Zimbabwe: Who is saying what?

Zimbabwe’s army seized control of the country on Tuesday night, claiming it was removing “criminals” around Robert Mugabe.

An army spokesman said on Wednesday that the army is holding Mugabe for his own safety. 

There is no official word from the Mugabe family as to their whereabouts.

Among this unexpected series of events, the following are the latest reactions:  

From Zimbabwe: 

  • Zimbabwe War Veterans call for Mugabe to removed: “Zimbabwe’s President Robert Mugabe should be removed as the country’s leader and as first secretary of the ruling Zanu-PF party,” the Secretary-General of Zimbabwe’s War Veterans Association, Victor Matemadanda, said on Wednesday.

  • Victor Matemadanda, recently told Al Jazeera the ongoing expulsions were a strong indication that Mugabe was acting in his own interests and those of his wife.
  • ZANU-PF party rejects the move: “We will not fold our hands to allow a creature of the constitution to subvert the very constitution which establishes it,” Kudzai Chipanga, leader of the ZANU-PF party’s Youth League, said on Tuesday. 

  • Chipanga stated the party wanted to see a peaceful, constitutional “democratisation” of Zimbabwe following the army move.

  • Army commander Constantino Chiwenga said on Monday, November 13, that the military would act if purges against former war liberation fighters did not cease.

  • Army statement:Mugabe “safe and sound”: “Comrade R G Mugabe and his family, are safe and sound and their security is guaranteed. We are only targeting criminals around him,” Major General SB Moyo said on Wednesday. 

  • “As soon as we have accomplished our mission, we expect that the situation will return to normalcy.”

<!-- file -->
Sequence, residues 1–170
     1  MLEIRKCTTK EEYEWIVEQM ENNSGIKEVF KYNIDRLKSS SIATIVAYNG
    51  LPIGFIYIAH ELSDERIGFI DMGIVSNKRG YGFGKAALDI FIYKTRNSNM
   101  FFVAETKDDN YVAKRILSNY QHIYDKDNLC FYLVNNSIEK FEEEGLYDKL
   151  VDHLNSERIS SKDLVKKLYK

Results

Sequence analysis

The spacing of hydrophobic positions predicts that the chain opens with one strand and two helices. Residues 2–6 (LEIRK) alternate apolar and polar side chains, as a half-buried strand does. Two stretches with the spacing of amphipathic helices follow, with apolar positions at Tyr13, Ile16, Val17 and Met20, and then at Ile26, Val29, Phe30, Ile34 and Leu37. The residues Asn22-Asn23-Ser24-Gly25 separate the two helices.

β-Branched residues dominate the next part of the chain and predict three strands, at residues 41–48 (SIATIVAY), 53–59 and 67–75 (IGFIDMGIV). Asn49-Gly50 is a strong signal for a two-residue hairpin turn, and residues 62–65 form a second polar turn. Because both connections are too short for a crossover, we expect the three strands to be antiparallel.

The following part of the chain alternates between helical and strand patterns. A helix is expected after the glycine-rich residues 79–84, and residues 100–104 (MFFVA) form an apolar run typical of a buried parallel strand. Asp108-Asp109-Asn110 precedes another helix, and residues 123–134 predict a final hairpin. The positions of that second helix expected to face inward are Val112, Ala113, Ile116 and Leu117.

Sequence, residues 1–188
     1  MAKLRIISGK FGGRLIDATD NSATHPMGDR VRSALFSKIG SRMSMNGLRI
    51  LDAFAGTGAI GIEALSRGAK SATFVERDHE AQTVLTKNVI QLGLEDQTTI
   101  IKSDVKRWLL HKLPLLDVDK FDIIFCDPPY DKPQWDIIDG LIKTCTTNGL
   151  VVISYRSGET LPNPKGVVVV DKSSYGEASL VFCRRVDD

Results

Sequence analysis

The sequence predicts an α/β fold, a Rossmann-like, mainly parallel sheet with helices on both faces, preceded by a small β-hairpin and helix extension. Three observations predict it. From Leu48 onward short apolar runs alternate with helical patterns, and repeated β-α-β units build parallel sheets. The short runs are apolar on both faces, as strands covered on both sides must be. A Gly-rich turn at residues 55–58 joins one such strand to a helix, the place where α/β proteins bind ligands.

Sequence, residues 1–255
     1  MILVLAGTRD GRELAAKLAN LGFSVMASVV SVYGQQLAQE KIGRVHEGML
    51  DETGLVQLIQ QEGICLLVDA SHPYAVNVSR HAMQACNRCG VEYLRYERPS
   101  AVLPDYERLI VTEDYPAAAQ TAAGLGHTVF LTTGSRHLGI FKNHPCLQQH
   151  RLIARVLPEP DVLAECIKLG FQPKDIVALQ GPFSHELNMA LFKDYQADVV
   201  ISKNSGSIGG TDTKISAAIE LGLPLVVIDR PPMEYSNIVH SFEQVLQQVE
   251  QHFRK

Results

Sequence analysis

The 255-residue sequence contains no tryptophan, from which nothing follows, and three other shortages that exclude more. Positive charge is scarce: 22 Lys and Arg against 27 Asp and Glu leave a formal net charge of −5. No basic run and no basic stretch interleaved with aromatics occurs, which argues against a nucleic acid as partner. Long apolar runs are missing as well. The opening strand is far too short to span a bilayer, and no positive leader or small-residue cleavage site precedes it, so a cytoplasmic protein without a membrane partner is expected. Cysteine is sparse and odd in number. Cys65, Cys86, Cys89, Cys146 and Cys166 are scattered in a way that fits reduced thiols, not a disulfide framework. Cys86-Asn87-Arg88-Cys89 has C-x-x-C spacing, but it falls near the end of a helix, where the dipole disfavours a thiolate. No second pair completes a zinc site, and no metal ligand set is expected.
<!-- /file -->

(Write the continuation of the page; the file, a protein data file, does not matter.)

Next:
Media:

  • Al Jazeera’s Haru describes the situation as tense: ” The atmosphere, if I can describe, is tense . I’m Zimbabwean, I was born after independence from Britain. I’ve never experienced this kind of feeling in the air.

  • “At the moment, people are just wondering what is going to happen next . A South African plane from Johannesburg is also expected soon, and people are coming and going from the airport. It’s not as busy as it usually is, but it is open and it is functioning.” 

  • Army seized state TV: On Wednesday, November 15, the Zimbabwe army seized state TV and blocked off access to government offices.

Embassies: 

  • Spanish embassy asks citizens to be cautious: Due to the political situation in Zimbabwe, extreme precautions are recommended in the city of Harare and surrounding areas.

International reactions: 

  • Mugabe told Zuma he was confined to home but fine: South Africa’s President Jacob Zuma spoke to Zimbabwean President Robert Mugabe on Wednesday, and Mugabe told Zuma that he was confined to his home but that he was fine, the South African presidency said in a statement.

  • In a statement posted online, the office also said South Africa is in touch with the Zimbabwe military. “President Zuma has reiterated his call for calm and restraint and for the ZDF [military] to ensure that peace and stability are not undermined in Zimbabwe.”

  • China is closely watching the situation in Zimbabwe and hopes that relevant parties can properly handle their internal affairs, its foreign ministry spokesman said on Wednesday. 
  • South African President Jacob Zuma expressed hope on Wednesday that there would not be unconstitutional changes of government in Zimbabwe after the military seized power in Harare.

  • Mohamed Nasheed: Maldivian politician, human rights and environmental activist wrote:

General reactions: 

SABC news, the digital news portal of the South African Broadcasting Corporation, wrote: 

Trevor Ncube, a Zimbabwean entrepreneur and newspaper publisher , wrote that there are unconfirmed reports of arrests of cabinet ministers and prominent people. 

Former  Zimbabwean Minister of Education, Sport, Arts and Culture, retweeted: 

Mawarire a priest, citizen, and author wrote: